MOVs or metal oxide varistors are devices designed for controlling mains switch ON surges in electrical and electronic circuits. Selecting an MOV for a particular electronic circuit might require some consideration and calculation, let's learn the procedures here.
What are MOVs
Metal oxide varistors or simply varistors are non-linear surge suppressor devices which are used for suppressing sudden, high abnormal voltage transients or surges, especially during power switch ON or thunder lightening situations.
These are mostly used in sensitive electronic circuits for safeguarding against such catastrophic occurrences.
MOVs are basically non-polar, voltage dependent devices, meaning these devices will react to changes in voltage conditions.
Therefore MOVs are specified to trigger ON whenever the rated magnitude of voltage across their connections is exceeded.
This voltage rating at which an MOV may be rated to fire and short the transient to ground is called its clamping voltage specification.
For example, if suppose the clamping voltage rating of an MOV is 350V then it will switch ON whenever the voltage across it surpasses this limit.
When an MOV switches ON or is triggered by a high voltage surge it shorts the voltage spike across its terminals, preventing it from entering the vulnerable electronic device attached on the other side.
This action protects the electronic circuit from such accidental voltage surges and transient spikes.
And since the above reaction is sudden, MOVs are characterized as non-linear devices, which implies that these will not vary their characteristics gradually but suddenly when the specified parameters is exceeded.
The best characteristic of an MOV is its ability to absorb high current content accompanied with the voltage surge . Depending on the MOV specification the current absorbing capacity of an MOV could be anywhere between 1 amp to a massive 2500 amps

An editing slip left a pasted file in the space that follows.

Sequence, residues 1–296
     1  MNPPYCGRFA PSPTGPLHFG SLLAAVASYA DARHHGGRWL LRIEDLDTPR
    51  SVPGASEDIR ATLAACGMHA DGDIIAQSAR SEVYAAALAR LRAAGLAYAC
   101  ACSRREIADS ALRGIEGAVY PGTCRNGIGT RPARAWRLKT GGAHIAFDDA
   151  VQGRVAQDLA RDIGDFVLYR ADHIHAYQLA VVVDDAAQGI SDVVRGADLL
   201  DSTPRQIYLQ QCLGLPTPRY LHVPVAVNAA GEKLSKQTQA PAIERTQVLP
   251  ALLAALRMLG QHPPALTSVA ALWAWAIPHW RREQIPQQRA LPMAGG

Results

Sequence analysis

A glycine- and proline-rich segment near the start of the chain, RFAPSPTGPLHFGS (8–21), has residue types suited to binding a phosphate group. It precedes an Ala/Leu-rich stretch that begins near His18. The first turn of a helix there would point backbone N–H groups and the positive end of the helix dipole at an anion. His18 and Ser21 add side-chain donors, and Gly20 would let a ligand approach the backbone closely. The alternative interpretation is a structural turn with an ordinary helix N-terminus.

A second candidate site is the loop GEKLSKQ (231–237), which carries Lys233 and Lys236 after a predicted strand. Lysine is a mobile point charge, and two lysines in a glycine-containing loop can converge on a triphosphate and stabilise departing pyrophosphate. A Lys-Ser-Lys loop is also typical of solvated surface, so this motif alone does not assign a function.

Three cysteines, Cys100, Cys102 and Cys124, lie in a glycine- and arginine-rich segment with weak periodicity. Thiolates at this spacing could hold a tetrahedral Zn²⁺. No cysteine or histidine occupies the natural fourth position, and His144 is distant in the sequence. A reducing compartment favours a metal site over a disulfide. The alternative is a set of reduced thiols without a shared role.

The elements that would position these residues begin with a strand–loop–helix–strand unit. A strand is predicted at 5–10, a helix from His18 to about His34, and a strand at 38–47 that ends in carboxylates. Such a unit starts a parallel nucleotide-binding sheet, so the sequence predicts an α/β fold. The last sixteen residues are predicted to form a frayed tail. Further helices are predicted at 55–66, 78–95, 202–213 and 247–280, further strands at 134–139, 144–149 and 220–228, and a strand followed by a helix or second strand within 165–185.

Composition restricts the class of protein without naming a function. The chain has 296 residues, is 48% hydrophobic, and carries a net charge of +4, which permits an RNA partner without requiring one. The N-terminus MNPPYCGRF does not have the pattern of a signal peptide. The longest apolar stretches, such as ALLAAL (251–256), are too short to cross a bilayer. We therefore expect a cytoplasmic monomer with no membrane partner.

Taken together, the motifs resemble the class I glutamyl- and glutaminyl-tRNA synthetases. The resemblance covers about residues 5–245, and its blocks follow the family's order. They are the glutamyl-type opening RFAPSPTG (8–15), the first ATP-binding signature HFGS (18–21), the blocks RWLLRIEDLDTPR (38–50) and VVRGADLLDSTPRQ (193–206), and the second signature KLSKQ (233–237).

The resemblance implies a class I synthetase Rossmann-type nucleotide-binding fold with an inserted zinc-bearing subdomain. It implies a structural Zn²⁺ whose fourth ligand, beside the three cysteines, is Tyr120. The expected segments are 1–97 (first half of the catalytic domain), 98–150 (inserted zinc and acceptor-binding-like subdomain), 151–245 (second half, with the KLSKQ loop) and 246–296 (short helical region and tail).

Current-voltage characteristic waveform of a typical zinc oxide MOV
However the duration of the current handling feature of an MOV may be limited to a few microseconds only, which means the activation of an MOV under such sever situations can not be more than a few microseconds, otherwise it could burn the device and damage it permanently.
Therefore it is advised to use a fuse in series with the mains line in conjunction with the attached MOV for ensuring safety to both the electronic circuit and also to the MOV under a possible extreme catastrophic conditions.
How to Select an MOV
Selecting an MOV for a desired application is actually easy.
First determine the maximum peak safe operating voltage of the electronic circuit which needs the protection and then apply an MOV specified to conduct near about this voltage limit.
For example, suppose it's an SMPS device with a max capability of 285V RMS from the mains input, implies that the unit would be able to handle a peak mains surge of not more than 285/0.707 = 403V
The 403V figure provides us the max peak mains handling capacity of the SMPS circuit which must be avoided under any circumstances and therefore an MOV rated with a clamping voltage of around 400V could be applied to this SMPS safely.
The current rating of the MOV could be twice that of the SMPS rating, meaning if the SMPS wattage is rated at 24 watts at the secondary, then the primary could be calculated as 24/285 = 0.084 amps, therefore the MOV current could be anywhere above 0.084 x 2 = 0.168 amps or 200mA.
However a 200mA MOV could be difficult to obtain therefore a standard 1 amp device could be used for serving the purpose with utmost efficiency.
In the next article we'll further discuss regarding how to select MOVs and learn the same in detail through charts and tables.